Despite staying indoors during the curfew people have ignored pleas from local health officials to limit their social contact and to wear masks when they go out. People flocked to markets during the last days of Ramadan to buy Eid clothes and other items.

Health officials said that, despite the high mortality rate among coronavirus patients in Yemen, many people still disputed the existence of the virus in the country.

“Unfortunately, daily deaths that filled graveyards could not convince people about the importance of social distancing,” Al-Subaee said.

In Hadramout province 20 out of the 63 people who tested positive for the virus died.

A young man named Mohammed from the city of Al-Mukalla, Hadramout’s capital, went on social media to plead with his followers to pray for his relatives who had been infected.

“A relative of mine died and two others have been infected and are currently receiving medication at the quarantine. We do not know how and where they contracted the disease,” he said, admitting that neither he nor his relatives had taken the warnings seriously.

Dr. Riyadh Al-Jariri, head of the Health Ministry’s Hadramout office, said that many people still refused to allow health workers to see those who had come into direct contact with patients testing positive for the virus, while others accused health officials of inventing reports about the virus in order to get financial help from international donors.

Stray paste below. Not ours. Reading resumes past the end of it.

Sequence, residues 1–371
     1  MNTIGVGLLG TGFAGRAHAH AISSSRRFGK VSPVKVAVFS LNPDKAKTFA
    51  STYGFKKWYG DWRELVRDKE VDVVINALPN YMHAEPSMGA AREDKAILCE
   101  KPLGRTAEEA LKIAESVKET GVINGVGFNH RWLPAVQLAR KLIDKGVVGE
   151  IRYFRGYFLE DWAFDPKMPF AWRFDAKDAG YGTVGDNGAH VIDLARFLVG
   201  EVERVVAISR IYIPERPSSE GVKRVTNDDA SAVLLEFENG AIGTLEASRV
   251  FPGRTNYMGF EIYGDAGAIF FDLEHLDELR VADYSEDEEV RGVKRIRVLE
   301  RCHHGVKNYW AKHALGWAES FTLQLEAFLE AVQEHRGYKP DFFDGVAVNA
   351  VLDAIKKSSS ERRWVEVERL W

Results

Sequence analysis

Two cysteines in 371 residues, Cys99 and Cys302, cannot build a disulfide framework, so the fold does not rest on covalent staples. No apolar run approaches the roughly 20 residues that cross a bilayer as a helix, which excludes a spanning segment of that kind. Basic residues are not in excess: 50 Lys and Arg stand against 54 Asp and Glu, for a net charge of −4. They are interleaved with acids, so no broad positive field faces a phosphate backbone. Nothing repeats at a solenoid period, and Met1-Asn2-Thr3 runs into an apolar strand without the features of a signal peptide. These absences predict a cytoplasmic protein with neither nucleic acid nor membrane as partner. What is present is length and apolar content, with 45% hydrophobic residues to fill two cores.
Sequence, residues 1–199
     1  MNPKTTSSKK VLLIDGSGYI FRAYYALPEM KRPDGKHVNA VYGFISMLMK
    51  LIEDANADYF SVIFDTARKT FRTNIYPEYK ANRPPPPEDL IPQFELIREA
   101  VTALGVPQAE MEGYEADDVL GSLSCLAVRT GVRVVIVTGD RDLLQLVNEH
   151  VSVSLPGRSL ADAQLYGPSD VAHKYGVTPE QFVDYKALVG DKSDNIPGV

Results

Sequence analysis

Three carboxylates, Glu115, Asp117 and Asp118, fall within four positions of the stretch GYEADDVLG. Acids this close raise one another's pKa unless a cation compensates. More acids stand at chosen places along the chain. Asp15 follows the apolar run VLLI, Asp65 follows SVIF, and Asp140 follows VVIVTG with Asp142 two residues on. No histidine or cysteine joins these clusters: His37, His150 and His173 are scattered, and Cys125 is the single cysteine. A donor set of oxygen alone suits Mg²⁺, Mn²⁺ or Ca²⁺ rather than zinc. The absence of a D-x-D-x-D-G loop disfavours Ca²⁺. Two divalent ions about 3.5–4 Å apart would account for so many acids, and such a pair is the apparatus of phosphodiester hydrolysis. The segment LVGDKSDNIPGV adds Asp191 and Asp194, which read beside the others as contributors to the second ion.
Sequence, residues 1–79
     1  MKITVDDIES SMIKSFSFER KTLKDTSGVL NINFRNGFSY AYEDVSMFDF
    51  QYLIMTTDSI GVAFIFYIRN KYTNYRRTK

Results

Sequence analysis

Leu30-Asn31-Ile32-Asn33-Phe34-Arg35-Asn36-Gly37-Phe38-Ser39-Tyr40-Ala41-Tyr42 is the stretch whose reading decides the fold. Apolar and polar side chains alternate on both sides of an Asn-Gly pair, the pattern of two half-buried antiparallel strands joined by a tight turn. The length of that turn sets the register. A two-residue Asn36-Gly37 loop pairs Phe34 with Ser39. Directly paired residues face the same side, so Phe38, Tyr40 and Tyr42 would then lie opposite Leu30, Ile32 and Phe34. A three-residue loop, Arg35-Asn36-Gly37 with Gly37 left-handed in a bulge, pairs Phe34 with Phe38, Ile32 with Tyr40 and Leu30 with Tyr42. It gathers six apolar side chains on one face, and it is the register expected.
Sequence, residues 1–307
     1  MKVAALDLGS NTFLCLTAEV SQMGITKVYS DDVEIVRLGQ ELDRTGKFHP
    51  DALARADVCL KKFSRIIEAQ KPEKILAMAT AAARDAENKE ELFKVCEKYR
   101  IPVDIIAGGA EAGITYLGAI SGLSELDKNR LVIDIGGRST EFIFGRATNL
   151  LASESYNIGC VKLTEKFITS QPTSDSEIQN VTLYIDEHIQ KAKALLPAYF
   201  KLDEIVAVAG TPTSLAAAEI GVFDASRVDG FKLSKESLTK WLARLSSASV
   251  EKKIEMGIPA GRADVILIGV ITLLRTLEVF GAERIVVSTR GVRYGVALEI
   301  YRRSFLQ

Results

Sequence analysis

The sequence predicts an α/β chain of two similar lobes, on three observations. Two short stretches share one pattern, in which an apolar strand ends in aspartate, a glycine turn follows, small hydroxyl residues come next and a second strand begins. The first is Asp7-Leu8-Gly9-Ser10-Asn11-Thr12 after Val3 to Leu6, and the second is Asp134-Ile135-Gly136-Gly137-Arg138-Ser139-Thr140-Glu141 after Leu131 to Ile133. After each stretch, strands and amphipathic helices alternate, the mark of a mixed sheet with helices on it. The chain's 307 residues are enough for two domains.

“There are some people who abuse health care providers and deny the existence of the pandemic and consider it a game to earn money. This derails health awareness efforts and contributes to the spread of the disease,” Al-Jariri told Arab News.

Local officials and experts believe that the lack of trust between authorities and the public was behind people’s inattentiveness to coronavirus warnings.

“The state’s conflicting messages about the disease have undermined people’s trust,” Taha Bafadel, a Yemeni journalist told Arab News. “This led the public into lightly treating or rejecting warnings from the government and public health bodies.” 

He added that local authorities one day imposed a curfew and then lifted it the next with no explanation.


Egypt, Sudan, Ethiopia return to talks over disputed dam

Updated 03 August 2020

Egypt, Sudan, Ethiopia return to talks over disputed dam

  • Khartoum and Cairo have repeatedly rejected the filling of the massive reservoir
  • Ethiopia says the dam will provide electricity to millions

CAIRO: Three key Nile basin countries on Monday resumed their negotiations to resolve a years-long dispute over the operation and filling of a giant hydroelectric dam that Ethiopia is building on the Blue Nile, officials said.